Car-Sick Glasgow | Documenting the atrocious conditions for cyclists and pedestrians in Scotland's largest city
Monday, 29 September 2008
Stopping on a bike and restarting again has a similar effect on the cyclist to travelling hundreds of extra metres, so regularly stopping for junctions makes cycling less viable as a means of transport.
One of the many joys of cycling in this country is that the cycle paths allow you to make progress without stopping too often. There are many ways that this is arranged, including having the paths away from the roads and taking different routes. For instance, on most of our cycle journeys from home here we don't meet any traffic lights at all. I can cycle to the centre of the city seeing no traffic lights while driving there I would encounter a minimum of two sets. I can cycle to my dentist and meet one set of traffic lights, or drive there and go through five sets.
The video shows another example. At this traffic light junction the lights default to green for bikes and only switch directions to allow motorised vehicles to pass on the road if they drive up to the detector and wait for a while. They get a maximum of six seconds or so and then it's back to green for cyclists again. It's like a button controlled pedestrian or cyclist crossing, but in reverse. As you'll see in the video, I could cycle through this without stopping. I usually can.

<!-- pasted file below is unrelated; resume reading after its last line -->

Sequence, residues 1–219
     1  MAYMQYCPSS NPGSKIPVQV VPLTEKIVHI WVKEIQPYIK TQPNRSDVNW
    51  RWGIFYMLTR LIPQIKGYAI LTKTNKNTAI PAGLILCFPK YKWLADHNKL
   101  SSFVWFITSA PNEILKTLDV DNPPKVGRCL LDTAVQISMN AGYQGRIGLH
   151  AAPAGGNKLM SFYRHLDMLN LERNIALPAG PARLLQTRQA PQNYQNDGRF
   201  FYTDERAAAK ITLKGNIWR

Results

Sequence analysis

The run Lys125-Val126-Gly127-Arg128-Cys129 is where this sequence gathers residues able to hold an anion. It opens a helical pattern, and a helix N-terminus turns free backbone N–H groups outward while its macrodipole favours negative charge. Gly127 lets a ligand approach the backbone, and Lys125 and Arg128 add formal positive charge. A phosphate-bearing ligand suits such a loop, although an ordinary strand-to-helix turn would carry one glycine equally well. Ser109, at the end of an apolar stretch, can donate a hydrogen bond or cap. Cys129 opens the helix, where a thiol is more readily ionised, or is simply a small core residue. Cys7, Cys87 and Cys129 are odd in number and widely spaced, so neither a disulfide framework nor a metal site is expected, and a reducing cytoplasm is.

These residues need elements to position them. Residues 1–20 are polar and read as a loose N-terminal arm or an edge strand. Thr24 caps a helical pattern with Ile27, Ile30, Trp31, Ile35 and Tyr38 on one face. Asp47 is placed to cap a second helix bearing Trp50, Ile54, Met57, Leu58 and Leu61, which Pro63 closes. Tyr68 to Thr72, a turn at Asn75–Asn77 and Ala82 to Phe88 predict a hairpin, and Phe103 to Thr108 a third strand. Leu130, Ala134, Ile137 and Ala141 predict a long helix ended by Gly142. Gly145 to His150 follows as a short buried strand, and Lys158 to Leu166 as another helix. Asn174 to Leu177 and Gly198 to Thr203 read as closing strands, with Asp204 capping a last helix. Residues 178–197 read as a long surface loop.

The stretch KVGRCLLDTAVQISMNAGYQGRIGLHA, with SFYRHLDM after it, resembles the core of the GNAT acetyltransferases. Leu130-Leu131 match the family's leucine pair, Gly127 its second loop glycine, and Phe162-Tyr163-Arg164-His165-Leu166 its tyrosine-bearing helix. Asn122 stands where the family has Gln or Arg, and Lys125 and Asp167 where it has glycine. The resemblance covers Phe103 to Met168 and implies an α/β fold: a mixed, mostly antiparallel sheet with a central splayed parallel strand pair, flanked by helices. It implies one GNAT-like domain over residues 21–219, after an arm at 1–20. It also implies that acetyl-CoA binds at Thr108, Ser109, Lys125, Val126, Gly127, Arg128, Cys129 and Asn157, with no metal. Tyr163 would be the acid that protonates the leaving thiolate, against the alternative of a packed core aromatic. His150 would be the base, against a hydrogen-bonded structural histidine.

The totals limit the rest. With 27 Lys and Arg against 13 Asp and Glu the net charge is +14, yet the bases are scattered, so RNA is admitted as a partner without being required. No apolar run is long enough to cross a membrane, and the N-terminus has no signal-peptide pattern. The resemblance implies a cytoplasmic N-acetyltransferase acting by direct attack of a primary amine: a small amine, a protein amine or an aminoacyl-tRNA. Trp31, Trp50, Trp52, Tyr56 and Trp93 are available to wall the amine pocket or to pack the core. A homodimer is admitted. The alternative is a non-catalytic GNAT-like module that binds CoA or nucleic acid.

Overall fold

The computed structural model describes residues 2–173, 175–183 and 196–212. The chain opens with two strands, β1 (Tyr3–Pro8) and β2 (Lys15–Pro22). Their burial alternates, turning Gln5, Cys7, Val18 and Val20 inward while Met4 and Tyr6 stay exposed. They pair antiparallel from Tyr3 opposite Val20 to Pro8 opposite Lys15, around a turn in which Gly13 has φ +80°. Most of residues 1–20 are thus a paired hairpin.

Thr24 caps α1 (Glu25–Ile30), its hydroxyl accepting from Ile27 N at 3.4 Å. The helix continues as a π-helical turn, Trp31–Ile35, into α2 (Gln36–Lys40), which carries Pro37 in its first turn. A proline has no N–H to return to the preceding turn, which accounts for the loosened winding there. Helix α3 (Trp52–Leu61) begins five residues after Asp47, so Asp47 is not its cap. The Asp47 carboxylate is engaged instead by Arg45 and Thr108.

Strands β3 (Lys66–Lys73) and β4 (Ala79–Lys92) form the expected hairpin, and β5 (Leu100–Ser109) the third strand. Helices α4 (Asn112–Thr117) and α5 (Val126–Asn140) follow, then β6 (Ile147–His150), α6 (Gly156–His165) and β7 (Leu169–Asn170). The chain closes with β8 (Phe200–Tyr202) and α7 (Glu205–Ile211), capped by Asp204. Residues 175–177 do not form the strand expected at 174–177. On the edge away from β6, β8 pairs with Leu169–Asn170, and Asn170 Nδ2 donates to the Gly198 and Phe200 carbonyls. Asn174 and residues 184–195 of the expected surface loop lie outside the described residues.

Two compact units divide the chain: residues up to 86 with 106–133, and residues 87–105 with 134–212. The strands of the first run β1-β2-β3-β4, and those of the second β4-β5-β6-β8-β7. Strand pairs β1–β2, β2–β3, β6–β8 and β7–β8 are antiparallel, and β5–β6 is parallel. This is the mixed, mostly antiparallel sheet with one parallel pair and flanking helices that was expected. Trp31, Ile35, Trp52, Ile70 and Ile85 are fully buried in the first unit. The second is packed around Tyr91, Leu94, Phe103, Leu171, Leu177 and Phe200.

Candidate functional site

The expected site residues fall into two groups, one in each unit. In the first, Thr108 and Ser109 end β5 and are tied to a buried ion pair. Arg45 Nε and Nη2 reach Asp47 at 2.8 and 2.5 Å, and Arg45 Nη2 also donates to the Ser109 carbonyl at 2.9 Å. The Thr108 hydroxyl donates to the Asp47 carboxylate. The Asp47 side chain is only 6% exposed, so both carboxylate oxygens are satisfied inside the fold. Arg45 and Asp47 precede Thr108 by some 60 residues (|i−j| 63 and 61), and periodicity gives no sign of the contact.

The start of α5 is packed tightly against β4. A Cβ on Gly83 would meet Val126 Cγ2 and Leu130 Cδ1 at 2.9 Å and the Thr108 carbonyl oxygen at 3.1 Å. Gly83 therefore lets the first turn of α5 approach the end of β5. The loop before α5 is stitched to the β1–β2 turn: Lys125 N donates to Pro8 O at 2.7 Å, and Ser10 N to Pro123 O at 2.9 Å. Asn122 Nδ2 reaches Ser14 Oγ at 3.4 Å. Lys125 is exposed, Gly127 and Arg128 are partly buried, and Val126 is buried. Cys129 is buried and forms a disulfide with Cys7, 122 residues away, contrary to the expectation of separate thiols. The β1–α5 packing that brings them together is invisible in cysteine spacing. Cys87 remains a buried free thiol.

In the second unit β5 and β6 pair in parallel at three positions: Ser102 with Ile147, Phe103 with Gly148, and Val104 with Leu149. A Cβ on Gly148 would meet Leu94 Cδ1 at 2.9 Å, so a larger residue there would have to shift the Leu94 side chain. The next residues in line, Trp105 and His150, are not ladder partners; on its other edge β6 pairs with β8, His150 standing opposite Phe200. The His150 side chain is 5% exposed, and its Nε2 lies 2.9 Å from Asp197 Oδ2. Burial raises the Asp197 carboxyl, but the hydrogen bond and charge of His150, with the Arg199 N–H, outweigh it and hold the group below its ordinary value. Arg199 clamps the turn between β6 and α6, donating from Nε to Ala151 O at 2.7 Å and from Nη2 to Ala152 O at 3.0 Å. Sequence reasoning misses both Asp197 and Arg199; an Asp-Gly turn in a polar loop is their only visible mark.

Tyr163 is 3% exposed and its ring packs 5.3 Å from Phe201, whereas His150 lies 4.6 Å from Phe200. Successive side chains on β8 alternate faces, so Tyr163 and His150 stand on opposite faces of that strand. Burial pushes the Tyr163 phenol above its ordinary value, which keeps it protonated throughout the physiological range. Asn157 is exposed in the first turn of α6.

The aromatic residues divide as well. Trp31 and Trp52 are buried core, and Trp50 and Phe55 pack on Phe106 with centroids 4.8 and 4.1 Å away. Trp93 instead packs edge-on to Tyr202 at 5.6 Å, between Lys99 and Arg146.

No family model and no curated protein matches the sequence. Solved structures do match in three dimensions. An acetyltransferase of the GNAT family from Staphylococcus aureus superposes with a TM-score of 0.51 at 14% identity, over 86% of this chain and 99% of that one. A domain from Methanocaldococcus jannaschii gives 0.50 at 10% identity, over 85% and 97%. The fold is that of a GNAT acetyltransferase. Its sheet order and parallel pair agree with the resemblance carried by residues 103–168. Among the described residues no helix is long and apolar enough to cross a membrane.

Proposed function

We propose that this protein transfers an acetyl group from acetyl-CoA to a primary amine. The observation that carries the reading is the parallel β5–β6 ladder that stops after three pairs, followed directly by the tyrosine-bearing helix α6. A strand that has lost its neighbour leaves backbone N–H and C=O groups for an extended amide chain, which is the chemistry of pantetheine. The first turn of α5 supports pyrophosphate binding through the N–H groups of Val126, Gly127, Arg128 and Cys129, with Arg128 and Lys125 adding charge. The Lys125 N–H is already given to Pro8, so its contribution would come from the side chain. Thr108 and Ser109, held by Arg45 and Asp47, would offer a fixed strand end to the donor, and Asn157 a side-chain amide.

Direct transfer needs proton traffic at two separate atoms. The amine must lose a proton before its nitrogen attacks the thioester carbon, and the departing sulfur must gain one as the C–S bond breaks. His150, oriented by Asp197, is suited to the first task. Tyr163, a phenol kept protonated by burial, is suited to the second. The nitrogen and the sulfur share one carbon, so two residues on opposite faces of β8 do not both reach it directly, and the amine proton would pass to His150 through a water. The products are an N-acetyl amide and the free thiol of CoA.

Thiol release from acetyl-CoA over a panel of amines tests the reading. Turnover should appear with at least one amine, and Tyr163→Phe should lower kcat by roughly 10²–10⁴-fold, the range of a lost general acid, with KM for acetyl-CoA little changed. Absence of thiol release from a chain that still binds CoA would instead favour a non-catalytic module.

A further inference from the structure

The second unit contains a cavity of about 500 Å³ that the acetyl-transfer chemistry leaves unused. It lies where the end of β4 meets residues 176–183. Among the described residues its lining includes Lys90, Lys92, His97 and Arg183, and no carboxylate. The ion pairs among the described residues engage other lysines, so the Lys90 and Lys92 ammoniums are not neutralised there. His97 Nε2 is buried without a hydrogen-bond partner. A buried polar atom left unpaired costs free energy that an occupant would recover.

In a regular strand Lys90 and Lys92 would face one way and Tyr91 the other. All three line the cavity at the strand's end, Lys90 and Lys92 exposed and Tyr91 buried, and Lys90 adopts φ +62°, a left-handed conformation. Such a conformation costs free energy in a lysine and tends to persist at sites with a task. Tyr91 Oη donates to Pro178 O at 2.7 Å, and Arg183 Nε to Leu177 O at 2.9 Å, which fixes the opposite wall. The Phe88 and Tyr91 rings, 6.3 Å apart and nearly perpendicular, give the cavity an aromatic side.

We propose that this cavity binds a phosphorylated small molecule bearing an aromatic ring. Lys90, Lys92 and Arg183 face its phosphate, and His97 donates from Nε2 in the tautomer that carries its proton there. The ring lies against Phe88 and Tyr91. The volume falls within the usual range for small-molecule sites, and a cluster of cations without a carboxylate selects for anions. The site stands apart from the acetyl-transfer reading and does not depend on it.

There are other clever things done with traffic lights here, such as having a simultaneous green phase for bikes to go in all directions at once, which again increases the average speed of cyclists.
There are many other examples of traffic light junctions, things which make cycling more direct, and the intercity cycling superhighways for long distance commuters on this blog. This cycle path is part of my commuting route, and part of the reason why I commute so much quicker now than I used to.
This crossing will feature in the 2009 Study Tour.
A few years ago in the UK I measured the average time for a green for a motorist or pedestrian at a crossing near where we lived and found that while motorists had an average delay of under 8 s and a maximum of 30 s, pedestrians had an average delay of 38 s and a maximum of a minute. There are also crossings at which cyclists using a shared use path have to stop and press more than one button to cross a single road. Cambridge recently installed a junction with four button presses being required to cross a single road.